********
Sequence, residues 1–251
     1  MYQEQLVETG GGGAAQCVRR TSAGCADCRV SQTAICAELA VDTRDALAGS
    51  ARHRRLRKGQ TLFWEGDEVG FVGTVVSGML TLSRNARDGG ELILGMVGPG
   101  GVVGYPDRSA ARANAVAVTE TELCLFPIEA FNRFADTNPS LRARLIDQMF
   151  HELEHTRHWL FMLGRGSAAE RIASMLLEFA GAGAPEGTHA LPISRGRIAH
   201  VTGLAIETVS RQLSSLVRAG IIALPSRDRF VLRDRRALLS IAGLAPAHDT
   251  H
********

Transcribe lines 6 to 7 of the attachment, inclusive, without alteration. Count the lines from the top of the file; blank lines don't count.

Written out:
   201  VTGLAIETVS RQLSSLVRAG IIALPSRDRF VLRDRRALLS IAGLAPAHDT
   251  H